What’s homefield advantage worth?
- Updated: December 31, 2020
NOTE: This is the last in a four-part series on the history of American Legion Baseball’s regional playoff structure. Part 1 took a look at how the regional format has changed over the years. Part 2 showcased some of the top individual performances in regional history. And Part 3’s spotlight fell on the teams, states and regions that have thrived in the regional era of American Legion Baseball.
When national American Legion Baseball officials in 1967 allowed eight host cities across the country a berth in the regionals, critics said the “homefield advantage” they might enjoy would be too great.
But has that actually been the case?
Since American Legion Baseball adopted a regional concept in 1960, there have been 49 host cities that won their regional and advanced on to the American Legion World Series.
Since that accounts for only 10.2 percent of the 480 ALWS participants in the past 60 years, it would be hard to argue that simply being at home in the regionals means you’ll win the event.
More interestingly, only four times in those 60 years has a regional host won its event and then followed up with an ALWS championship.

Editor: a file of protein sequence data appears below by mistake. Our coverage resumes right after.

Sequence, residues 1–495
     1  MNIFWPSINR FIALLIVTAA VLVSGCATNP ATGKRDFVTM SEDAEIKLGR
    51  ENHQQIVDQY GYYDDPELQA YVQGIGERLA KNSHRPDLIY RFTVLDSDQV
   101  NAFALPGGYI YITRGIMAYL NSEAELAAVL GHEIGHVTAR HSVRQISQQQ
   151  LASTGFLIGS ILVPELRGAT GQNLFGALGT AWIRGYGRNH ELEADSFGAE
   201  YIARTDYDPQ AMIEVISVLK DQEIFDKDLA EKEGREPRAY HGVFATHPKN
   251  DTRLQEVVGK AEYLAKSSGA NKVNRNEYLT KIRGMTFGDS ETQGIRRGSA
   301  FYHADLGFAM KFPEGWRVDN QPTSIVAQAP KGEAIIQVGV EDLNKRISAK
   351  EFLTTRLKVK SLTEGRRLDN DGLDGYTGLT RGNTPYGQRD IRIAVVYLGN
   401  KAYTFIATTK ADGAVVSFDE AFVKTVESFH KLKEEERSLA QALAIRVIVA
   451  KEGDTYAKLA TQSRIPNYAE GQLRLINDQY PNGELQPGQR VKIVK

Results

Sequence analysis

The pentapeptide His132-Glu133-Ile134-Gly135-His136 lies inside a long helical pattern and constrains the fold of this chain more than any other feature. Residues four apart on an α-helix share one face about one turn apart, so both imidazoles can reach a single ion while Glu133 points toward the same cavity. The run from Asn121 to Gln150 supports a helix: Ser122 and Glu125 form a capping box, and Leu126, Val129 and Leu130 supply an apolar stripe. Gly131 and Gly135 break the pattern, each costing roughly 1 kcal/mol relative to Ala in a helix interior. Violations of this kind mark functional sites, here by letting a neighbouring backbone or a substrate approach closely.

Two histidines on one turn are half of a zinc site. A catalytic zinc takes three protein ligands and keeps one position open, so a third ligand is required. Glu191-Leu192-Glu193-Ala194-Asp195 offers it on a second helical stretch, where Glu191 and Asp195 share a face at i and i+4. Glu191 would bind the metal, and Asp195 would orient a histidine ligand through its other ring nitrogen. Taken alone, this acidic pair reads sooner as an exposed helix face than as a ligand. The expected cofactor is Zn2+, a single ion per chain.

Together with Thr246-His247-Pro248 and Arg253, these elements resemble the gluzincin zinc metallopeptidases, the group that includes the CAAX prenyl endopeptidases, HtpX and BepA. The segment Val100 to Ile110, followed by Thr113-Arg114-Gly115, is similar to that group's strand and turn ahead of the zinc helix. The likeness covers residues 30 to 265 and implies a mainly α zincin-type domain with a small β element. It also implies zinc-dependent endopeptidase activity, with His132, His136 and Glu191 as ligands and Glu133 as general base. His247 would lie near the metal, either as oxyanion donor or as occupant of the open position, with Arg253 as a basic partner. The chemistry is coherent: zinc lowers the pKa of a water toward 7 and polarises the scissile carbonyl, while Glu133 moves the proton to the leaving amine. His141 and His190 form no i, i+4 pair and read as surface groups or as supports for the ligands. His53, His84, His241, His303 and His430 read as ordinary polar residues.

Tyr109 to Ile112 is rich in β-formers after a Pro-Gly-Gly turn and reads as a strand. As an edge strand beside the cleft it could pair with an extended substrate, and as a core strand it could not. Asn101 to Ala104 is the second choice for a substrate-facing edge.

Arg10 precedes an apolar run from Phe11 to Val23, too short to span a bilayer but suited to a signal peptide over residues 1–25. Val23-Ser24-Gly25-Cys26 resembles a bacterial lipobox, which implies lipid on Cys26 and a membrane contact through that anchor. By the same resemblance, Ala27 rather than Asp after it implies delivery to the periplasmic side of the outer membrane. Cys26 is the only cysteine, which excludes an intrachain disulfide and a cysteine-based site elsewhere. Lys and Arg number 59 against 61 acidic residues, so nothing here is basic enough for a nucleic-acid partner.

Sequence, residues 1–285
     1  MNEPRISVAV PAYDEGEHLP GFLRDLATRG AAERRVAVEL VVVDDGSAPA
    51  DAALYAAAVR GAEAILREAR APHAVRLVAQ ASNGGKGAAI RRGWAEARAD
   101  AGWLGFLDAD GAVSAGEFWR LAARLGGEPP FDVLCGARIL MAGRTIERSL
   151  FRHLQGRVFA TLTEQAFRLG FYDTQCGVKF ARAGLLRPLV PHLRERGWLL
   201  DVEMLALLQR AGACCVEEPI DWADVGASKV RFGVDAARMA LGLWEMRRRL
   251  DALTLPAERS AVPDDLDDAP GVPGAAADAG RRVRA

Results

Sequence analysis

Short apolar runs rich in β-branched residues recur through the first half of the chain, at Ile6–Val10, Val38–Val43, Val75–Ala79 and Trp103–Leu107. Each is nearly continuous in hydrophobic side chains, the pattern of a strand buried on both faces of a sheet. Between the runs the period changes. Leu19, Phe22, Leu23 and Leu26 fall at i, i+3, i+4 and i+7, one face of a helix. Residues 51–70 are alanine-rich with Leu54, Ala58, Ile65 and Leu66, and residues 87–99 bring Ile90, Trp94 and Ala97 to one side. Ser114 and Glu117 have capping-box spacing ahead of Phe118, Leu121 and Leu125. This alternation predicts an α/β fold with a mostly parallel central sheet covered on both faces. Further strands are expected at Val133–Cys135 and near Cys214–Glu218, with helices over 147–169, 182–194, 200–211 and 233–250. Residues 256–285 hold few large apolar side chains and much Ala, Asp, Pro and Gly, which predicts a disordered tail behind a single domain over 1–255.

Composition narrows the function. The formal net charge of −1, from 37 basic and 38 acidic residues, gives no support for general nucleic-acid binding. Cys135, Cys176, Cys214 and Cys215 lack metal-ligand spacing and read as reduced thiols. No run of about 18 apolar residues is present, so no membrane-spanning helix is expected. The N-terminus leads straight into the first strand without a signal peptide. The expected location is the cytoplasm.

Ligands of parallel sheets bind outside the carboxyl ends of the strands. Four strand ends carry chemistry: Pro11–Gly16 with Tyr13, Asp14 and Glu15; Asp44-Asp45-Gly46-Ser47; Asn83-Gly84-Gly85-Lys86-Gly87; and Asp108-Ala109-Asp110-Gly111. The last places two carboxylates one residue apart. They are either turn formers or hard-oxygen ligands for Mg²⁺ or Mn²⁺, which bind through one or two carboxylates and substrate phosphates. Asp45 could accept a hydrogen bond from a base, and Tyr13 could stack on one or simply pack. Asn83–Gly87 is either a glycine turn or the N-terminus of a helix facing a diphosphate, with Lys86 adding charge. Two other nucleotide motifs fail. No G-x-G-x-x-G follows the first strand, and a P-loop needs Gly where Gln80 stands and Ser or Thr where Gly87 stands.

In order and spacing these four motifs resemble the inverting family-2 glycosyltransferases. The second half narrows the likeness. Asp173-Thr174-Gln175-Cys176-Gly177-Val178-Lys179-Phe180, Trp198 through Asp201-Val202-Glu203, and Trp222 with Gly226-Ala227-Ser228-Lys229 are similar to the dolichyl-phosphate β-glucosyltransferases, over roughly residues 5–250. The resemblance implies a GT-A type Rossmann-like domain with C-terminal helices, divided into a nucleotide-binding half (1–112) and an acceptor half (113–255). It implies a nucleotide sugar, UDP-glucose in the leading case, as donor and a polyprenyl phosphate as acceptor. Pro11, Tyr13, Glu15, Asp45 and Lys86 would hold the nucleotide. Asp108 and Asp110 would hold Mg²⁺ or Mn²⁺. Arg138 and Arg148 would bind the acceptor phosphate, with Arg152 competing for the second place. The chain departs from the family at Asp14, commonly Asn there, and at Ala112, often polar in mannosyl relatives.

Hialeah, Fla., won in 1978; New Orleans won in 2012; and Brooklawn, N.J., won in 2013 and 2014.
All four of those teams would’ve qualified for regionals anyway, however, as their respective state champions.
Five times a regional host winner has finished as ALWS runner-up: Billings, Mont., in 1960; Cedar Rapids, Iowa, in 1975; Boyertown, Pa., in 1983; Las Vegas in 1993; and Medford, Ore., in 2009. Of that quintet, Billings and Boyertown were state champions that would’ve qualified anyway.
When a host city qualifies as a state champion, the state runner-up also gets a berth in the regionals.
Homefield advantage in the regionals seemed to matter more in the 1980s and in the 2010s. In the 1980s, 11 teams advanced to the ALWS after hosting regionals. And in the 2010s, 10 teams did so.
The 1984 ALWS featured five regional host teams, including three state champions: Millington, Tenn.; Rapid City, S.D.; and Roseburg, Ore.
The 1984 ALWS champion was Guaynabo, P.R., which had to win a regional in Deland, Fla., before winning the ALWS in New Orleans over runner-up Brooklawn. The highest finisher among the regional host winners was third-place Las Vegas.
Twice in American Legion Baseball history, a regional host also hosted the ALWS. And each time, the host team had a good showing in the regionals.
In 1967, Tennessee state champion Memphis won the Mid-South regional title before going 1-2 to finish sixth in the ALWS it also hosted.
In 2008, Shelby, N.C., advanced to the North Carolina Area IV semifinals, then finished as Southeastern Regional runner-up before hosting its first ALWS.
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